Get yourself a basic cookbook (maybe Mark Bittman’s “How to Cook Everything”), pick something that sounds good to you, try it, learn from any mistakes, repeat…

It worked out for you this time, but in my experience it’s thoughts like that, common amongst non-foodies, which are the source of many of the problems they encounter.

“Honey is just sugar, right?”
“Raspberries and blueberries are almost alike, right?”
“A tablespoon is like quarter of a cup, right?”

There seems to be a mysterious belief, common among people who don’t cook very much, that using a recipe is somehow “cheating” or lame or uncool. In fact, 99% of the people I know who are “great cooks” use recipes 99% of the time.

If you have sweet potatoes and want to cok them roasted, just google “sweet potato roasted,” I promise the foodie police won’t knock down your door. Guanolad is right “a is just like b!” is where noncooks go horribly awry. My grandma is the “master” of the randomly disgusting substitution.

I’m not a fan if sweet and savory flavors combined so rosemary and sweet potatoes is a combination I would avoid, but that’s just personal taste. Congrats on your cooking adventure!

The hardest thing to learn about cooking is the fact that it really isn’t all that hard. When you get an idea, try it, and even if it doesn’t work out the way you expect, it still probably won’t be all that bad.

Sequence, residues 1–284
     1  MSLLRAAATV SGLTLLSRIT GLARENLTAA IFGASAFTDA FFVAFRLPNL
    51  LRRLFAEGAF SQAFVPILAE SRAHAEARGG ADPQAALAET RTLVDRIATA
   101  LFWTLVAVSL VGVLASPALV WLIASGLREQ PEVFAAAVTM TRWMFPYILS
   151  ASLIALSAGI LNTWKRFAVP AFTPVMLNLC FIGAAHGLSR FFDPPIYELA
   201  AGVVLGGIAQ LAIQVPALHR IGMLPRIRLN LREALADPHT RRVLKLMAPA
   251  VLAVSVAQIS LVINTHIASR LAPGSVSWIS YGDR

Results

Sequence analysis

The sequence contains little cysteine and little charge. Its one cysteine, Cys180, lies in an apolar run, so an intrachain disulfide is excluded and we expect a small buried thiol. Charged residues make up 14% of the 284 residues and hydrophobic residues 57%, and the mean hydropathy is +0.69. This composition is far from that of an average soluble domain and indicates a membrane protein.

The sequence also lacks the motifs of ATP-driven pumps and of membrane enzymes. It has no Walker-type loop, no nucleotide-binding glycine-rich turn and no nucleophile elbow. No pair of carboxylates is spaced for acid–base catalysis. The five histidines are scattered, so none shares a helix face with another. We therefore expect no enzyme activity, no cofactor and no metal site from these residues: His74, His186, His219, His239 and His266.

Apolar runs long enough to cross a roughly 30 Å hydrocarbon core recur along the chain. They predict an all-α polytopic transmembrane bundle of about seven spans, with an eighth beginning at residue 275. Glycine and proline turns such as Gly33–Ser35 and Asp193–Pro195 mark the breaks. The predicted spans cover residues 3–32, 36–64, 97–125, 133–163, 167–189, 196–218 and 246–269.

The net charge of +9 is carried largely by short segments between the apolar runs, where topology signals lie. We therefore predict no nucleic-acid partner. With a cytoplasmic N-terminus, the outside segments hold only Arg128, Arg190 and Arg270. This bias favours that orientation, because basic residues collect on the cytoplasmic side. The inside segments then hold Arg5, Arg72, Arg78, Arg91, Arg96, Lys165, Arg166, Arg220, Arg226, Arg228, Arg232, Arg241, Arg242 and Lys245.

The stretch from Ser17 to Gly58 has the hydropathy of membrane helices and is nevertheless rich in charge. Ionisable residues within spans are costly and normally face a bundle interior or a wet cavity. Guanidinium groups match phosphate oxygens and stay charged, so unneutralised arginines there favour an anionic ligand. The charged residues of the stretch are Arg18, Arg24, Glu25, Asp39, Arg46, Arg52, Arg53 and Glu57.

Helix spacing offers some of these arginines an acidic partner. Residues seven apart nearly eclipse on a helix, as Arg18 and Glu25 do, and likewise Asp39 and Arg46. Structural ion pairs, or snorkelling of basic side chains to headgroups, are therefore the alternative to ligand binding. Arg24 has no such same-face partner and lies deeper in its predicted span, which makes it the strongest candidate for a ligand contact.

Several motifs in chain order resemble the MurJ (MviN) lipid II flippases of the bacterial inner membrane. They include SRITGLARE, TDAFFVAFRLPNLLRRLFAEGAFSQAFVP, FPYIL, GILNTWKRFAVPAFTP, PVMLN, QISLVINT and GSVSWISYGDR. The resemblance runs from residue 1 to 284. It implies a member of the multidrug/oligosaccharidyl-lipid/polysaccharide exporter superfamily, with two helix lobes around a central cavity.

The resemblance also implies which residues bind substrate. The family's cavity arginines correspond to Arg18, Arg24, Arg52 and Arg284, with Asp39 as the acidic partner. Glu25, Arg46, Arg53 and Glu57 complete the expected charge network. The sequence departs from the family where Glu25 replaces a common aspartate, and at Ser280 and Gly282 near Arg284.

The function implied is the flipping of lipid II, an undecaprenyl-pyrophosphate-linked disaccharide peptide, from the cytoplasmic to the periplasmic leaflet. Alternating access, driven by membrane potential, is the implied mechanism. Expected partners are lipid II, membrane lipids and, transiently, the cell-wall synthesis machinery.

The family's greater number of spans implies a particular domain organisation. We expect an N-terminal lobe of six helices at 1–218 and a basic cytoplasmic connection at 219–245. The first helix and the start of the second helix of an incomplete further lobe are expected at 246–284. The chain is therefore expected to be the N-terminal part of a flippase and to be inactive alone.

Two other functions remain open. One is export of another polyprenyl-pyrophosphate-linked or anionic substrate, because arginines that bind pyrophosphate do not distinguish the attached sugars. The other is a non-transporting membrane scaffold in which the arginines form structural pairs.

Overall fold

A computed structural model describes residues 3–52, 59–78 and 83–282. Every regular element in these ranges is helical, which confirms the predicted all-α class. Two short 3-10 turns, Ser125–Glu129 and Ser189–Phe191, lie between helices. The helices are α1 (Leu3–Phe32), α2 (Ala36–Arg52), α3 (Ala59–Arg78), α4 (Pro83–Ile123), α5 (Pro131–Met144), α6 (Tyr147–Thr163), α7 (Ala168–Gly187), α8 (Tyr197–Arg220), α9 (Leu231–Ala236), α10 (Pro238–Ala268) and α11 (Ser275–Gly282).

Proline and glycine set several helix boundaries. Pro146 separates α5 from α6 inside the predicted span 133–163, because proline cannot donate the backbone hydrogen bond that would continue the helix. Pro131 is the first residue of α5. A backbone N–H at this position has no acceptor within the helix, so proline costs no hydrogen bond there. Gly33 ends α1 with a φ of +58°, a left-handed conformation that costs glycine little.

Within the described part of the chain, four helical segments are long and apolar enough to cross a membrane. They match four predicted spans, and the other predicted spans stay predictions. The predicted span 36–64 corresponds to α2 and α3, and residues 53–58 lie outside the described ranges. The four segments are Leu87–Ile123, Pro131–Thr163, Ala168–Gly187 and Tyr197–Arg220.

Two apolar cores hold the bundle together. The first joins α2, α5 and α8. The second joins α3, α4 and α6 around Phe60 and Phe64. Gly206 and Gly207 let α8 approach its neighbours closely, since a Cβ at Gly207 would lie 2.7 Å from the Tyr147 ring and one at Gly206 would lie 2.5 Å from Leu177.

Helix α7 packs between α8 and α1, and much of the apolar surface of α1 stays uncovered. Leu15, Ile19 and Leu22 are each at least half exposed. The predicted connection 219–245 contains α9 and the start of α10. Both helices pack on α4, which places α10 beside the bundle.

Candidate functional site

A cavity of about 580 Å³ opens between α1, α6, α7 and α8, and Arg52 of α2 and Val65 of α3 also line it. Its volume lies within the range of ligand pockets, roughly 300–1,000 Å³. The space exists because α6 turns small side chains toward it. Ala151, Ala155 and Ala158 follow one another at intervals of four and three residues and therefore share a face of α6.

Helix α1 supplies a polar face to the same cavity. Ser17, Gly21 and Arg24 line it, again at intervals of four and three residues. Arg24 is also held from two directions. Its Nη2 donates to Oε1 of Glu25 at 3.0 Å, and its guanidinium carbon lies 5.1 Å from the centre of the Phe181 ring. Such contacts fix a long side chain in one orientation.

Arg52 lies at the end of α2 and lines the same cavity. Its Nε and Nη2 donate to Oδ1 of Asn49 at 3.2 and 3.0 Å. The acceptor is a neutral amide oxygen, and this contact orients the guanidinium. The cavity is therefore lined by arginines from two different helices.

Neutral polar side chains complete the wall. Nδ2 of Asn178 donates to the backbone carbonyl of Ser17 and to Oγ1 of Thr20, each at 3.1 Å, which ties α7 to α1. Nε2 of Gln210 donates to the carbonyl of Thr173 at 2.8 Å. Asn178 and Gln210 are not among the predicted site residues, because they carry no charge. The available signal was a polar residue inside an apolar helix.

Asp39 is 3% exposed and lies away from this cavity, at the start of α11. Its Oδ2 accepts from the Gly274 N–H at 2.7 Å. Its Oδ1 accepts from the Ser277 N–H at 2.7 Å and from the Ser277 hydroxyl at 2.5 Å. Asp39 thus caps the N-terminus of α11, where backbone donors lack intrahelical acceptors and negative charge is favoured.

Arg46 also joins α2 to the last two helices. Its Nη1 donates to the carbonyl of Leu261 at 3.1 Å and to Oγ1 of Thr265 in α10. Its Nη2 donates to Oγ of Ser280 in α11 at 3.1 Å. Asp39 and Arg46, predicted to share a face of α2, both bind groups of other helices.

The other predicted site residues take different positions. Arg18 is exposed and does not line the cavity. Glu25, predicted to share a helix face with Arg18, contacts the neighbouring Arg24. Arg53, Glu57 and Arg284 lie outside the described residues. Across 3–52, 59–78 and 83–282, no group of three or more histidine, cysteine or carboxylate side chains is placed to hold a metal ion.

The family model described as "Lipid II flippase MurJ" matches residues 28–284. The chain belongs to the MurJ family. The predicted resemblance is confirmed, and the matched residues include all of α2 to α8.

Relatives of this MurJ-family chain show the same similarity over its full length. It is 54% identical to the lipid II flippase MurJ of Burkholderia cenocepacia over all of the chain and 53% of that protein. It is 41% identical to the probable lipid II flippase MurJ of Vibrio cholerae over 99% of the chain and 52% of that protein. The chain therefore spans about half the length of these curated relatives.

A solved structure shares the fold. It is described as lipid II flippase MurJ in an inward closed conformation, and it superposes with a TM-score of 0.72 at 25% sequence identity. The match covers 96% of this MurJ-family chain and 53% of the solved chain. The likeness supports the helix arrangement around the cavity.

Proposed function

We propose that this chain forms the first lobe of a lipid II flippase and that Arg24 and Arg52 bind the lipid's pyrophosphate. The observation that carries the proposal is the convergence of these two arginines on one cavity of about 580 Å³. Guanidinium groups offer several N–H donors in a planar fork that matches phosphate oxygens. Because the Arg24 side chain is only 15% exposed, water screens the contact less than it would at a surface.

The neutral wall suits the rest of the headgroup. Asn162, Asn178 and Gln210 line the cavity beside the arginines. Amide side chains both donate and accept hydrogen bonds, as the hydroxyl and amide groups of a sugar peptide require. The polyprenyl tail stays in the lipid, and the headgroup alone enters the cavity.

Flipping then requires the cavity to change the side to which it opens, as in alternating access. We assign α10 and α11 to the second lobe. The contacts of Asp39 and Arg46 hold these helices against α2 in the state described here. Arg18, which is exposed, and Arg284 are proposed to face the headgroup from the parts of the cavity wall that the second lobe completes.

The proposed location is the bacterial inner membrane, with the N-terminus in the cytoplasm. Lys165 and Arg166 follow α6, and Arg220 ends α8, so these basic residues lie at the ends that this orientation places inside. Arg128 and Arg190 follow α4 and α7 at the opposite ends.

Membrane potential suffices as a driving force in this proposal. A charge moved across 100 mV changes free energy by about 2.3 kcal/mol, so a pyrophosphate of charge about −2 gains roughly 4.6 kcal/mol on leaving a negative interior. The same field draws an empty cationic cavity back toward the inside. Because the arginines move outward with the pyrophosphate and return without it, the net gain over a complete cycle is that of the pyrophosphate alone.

Don’t knock it: thinking like that is the source not only of problems, but of solutions. Every single dish foodies like is the result of someone, somewhere, thinking like that.

And all your examples can actually be workable solutions to a recipe problem, but it does depend on the recipe, of course.

I say experiment, make mistakes, and learn what works and what doesn’t.

I guess it depends on what you mean by “recipes.” You, of course, tend to start with recipes, figuring out how different ingredients fit together, and, after awhile, the basic recipe becomes engrained and, through experience, you learn how to substitute this and that, etc. It’s kind of learning the basic proportions involved, the science behind the steps and why you do them, and then you can go from there. I’d say the most important part is learning the techniques (like how to braise, caramelize, brown, make a roux, deglaze a pan, etc) and how to apply them than any specific recipes.